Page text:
Choral Music Review Print



Bach's B Minor Mass Transforms Duke Audience

May 8, 2005 - Durham, NC:


Over the years, this area has been fortunate to experience live performances of the greatest choral masterpieces. While you probably won't find people sitting around bars debating the superiority of one ensemble over another, as you would for sports teams, there continues to be one leader of the pack. It is almost beginning to get boring as I and many other writers keep gushing over the Choral Society of Durham (CSD) conducted by Rodney Wynkoop, but you can't argue with the group's meticulous preparation, great soloists and orchestral musicians, and commitment to the spirit and ideals of the composer in presenting monumental works. The CSD delivered the goods once again on May 8, in Duke's Baldwin Auditorium, as they presented Johann Sebastian Bach's Mass in B minor. I've written before about my distaste for performances involving orchestras in Duke Chapel, so it was that much more special that this one took place in the comparatively acoustically-superb Baldwin Auditorium.

The 150-voice choir dwarfed the small but exquisite orchestra comprised of distinguished local musicians from the NC Symphony, faculty members from surrounding universities, and many familiar freelance faces. The opening measures of the "Kyrie" said it all. Quite often you can recognize great playing and preparation in just a few notes. Despite the heavenly length of approximately two hours and 15 minutes, the first four measures are as breathtaking and profound as anything that is to come. The entire chorus made a forceful proclamation and left us on a magnificent dominant chord. The orchestra followed with the subject of a somber and mammoth fugue that is as majestic as anything that Bach wrote. One by one we got to hear each section of the chorus, and the unified attacks, controlled dynamics, and pinpoint intonation were testaments to the discipline and preparation of Wynkoop's chorus.

The "Christie eleison" section of the "Kyrie" introduces two soloists – on this occasion, Ellen Hargis, soprano, and Michelle Wright, mezzo-soprano – for a lovely duo that displayed effortless grace and precision that are very difficult to pull off, given the complexity of the music. During the performance I had a vocal score of the work with me, and I followed it about half the time. Great performances transcend the technical difficulties of the music and give you the impression that what is being played and sung is, in a word, natural. "Laudamus Te" in the "Gloria" section, is a solo for the alto with violin obbligato. Seeing – in the score – the incredible rhythmic complexity of this piece made me even more appreciative of the performance. Wright and Concertmaster Richard Luby sailed through it with joy and spirit, making it one of the highlights of the evening.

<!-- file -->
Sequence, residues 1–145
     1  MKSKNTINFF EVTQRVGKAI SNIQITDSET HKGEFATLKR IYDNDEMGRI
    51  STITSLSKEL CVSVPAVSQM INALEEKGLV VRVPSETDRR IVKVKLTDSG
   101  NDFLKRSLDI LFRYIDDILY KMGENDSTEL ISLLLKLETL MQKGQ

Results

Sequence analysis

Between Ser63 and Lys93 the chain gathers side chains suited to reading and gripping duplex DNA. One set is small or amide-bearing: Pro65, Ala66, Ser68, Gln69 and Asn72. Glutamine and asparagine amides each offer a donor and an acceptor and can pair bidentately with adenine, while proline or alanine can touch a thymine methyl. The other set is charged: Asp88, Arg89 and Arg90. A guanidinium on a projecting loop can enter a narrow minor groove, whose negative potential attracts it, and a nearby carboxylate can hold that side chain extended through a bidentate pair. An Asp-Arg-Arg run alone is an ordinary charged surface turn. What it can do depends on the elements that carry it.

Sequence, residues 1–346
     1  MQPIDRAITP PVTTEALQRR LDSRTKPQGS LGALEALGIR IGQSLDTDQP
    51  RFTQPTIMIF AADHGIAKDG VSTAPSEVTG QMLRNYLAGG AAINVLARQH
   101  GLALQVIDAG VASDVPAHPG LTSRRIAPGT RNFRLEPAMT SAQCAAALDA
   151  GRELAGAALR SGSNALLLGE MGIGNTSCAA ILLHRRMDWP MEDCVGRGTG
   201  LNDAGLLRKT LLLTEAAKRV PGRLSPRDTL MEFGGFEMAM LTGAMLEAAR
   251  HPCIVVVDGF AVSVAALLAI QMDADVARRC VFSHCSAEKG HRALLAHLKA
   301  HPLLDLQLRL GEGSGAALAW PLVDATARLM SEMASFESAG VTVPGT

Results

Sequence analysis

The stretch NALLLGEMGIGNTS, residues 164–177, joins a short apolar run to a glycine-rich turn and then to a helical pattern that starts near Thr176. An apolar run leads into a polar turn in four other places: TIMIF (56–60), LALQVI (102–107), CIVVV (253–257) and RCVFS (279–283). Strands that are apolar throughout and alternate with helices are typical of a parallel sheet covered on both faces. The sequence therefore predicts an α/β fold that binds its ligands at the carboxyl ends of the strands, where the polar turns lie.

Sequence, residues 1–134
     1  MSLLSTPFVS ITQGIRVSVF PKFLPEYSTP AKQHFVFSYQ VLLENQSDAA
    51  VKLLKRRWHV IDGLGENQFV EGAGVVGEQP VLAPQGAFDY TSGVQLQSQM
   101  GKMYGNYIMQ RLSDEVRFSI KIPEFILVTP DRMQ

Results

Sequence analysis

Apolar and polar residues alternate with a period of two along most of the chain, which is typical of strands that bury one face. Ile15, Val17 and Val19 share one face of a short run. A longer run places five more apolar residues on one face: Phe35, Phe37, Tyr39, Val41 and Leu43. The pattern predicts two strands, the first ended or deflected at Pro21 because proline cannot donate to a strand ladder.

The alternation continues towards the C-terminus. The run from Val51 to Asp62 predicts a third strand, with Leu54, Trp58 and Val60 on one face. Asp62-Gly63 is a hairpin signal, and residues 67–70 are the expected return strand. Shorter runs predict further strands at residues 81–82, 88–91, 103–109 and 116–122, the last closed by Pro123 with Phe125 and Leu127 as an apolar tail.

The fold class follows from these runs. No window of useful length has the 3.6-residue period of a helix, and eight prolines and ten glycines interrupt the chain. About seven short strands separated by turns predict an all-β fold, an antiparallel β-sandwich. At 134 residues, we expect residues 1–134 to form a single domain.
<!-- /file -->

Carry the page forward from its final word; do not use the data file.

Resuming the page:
James Doing, tenor, was first heard in a duo with Hargis in "Qui tolis peccata mundi." At times his voice sounded a bit strained and behind the orchestra, but that smoothed out as the section proceeded. Bass soloist Christopheren Nomura had his initial solo right before the final chorus of the "Gloria." Nomura has a powerful, clear sound that worked best in the mid to upper ranges. In much of the low tessitura, both the pitch and the enunciation got flabby and unfocused.

This work tests the mettle of the soloists and chorus and the orchestra, too. There are numerous virtuosic passages, and I will probably leave someone out, but special mention should be made of a few. Michael Schultz had several sparkling solos that displayed the essence of high Baroque oboe playing. Kimberly Van Pelt played a dazzling French horn solo. There are quite a few passages with high, bright, and clear trumpet parts that were nailed every time. Throughout, the continuo part featured cellist Lisa Howard Shaughnessy, bassoonist John Pederson, double bassist Robbie Link, and Jane Lynch, organ (although the program incorrectly said "harpsichord").

My one complaint about the performance is that some of the big chorus sections were taken too fast. The same excitement would have been there at slower tempi, without racing, and the polyphony and harmony would have been clearer. Nitpicking aside, this was a performance that I feel fortunate to have experienced. Bach's B minor Mass if often described as one of the great masterpieces of music and one of the greatest creations of man. This performance gave credence to those sentiments.